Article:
Thursday, August 14, 2008

Takehiko Inoue and Hayao Miyazaki for the Japanese

... or at least for those who read Japanese. I'm told by authoritative sources that you don't actually have to be Japanese in order to read the language. Yet I also hear from selfsame sources that you ought to at least know someone who is. Or you ought to try to get to know them. Or be nice to them, at least. Or show a flicker of recognition, like widening one eye, for example.

About a month ago, Brutus magazine, one of Japan's largest circulation twice-monthlies, devoted an entire issue to 40-something manga artist Takehiko Inoue, creator of Slam Dunk and Vagabond. Inoue's work now graces the second-floor walls of Kinokuniya's still-fresh New York outlet on Bryant Park, where he painted his mural live before an audience of entranced media folk.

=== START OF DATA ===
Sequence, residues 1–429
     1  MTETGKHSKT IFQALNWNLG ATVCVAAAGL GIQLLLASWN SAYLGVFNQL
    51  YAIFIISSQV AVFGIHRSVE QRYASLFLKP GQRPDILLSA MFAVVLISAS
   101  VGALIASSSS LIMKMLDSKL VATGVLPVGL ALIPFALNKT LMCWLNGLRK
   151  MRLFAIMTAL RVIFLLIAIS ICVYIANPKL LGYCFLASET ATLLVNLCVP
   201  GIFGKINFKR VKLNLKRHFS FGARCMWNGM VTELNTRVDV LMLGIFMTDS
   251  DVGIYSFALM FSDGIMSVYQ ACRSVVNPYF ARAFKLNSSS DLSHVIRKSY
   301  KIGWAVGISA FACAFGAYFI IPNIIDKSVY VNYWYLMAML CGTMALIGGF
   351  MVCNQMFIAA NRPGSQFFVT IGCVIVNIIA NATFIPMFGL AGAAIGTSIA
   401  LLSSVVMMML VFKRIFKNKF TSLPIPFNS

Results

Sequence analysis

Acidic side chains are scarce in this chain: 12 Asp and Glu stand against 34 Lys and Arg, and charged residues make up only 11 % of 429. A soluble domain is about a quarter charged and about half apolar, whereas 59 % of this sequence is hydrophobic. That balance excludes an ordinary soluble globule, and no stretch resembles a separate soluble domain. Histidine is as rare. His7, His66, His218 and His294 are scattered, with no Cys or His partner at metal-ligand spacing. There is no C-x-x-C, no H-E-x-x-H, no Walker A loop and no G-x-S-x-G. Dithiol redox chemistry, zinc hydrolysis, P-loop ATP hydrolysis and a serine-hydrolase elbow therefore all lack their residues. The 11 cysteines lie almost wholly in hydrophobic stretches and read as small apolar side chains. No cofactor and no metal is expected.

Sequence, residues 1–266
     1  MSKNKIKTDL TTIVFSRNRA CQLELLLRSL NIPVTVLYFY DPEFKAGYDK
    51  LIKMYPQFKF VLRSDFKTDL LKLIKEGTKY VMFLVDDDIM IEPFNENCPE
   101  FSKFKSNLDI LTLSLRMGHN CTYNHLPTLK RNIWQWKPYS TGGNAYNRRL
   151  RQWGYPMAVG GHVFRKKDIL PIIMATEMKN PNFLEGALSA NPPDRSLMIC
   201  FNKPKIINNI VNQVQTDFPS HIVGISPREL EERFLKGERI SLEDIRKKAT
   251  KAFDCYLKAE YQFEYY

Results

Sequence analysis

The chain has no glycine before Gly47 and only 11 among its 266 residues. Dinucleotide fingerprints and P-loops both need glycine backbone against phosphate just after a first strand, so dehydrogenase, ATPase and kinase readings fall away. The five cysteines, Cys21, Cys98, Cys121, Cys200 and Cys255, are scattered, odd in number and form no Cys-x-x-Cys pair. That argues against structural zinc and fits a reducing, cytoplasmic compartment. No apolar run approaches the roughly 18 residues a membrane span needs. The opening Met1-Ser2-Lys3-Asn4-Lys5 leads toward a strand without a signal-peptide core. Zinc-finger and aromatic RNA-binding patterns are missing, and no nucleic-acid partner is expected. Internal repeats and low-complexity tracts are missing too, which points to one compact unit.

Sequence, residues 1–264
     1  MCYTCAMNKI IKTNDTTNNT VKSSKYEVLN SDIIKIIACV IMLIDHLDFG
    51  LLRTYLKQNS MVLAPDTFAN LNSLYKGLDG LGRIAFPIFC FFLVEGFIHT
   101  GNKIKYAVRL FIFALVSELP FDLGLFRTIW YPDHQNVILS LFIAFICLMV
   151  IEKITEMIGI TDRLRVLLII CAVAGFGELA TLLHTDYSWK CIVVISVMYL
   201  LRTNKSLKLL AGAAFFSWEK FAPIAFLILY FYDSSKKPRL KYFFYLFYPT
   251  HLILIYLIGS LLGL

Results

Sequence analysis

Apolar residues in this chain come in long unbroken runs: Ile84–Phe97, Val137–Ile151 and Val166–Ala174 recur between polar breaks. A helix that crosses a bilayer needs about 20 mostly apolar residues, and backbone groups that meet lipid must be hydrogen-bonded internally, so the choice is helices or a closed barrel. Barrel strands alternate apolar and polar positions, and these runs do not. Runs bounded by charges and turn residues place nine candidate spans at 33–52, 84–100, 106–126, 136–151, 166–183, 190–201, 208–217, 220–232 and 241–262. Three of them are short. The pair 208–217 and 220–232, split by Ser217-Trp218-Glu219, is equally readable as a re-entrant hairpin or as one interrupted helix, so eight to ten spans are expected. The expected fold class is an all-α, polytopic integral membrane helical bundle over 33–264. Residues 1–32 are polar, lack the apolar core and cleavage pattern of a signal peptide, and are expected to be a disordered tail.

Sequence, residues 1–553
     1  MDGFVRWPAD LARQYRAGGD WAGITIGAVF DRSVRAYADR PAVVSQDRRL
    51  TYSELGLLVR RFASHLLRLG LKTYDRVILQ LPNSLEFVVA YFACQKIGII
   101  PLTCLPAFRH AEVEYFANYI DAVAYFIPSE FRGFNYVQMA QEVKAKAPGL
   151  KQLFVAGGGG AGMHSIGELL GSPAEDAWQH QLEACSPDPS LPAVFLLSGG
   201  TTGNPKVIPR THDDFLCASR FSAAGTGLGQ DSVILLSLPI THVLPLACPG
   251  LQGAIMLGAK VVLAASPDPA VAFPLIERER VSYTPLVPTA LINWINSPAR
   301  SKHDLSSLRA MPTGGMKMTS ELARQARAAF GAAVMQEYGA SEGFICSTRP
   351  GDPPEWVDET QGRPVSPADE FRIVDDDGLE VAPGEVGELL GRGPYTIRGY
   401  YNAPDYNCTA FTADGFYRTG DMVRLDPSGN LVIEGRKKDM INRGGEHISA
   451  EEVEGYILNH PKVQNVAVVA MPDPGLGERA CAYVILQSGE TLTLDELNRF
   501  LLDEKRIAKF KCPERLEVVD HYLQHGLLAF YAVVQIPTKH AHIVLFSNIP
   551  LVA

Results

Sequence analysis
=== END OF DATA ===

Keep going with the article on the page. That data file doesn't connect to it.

A writer for Brutus contacted me in the early summer to obtain my comments on Inoue's aesthetic style and his burgeoning presence in the US manga market. The issue was apparently among the magazine's best-selling ever, going back to the printers several times--which had little to do with Inoue, said the eds, and largely reflected reader reaction to my scintillating insights--

(click on pics for larger, reader-friendly size)
--or maybe it was the other way around.

Shortly thereafter, I received a request from the editors of Dankai Punch, a monthly targeting Japan's boomers, for an interview about Hayao Miyazki's reputation in the US. Dankai devoted an entire issue exclusively to Miyazaki's work--timed for publication with the Japanese release of his latest feature, Ponyo on a Cliff by the Sea (no, I'm not at all certain of its title upon its eventual US release).

Yet again I managed to buttress the Japanese print media by kick-starting stellar sales and smashing all house records, or at least all the records in my own house.

(Okay, okay. Maybe that hack Hayao had a hand in it.)

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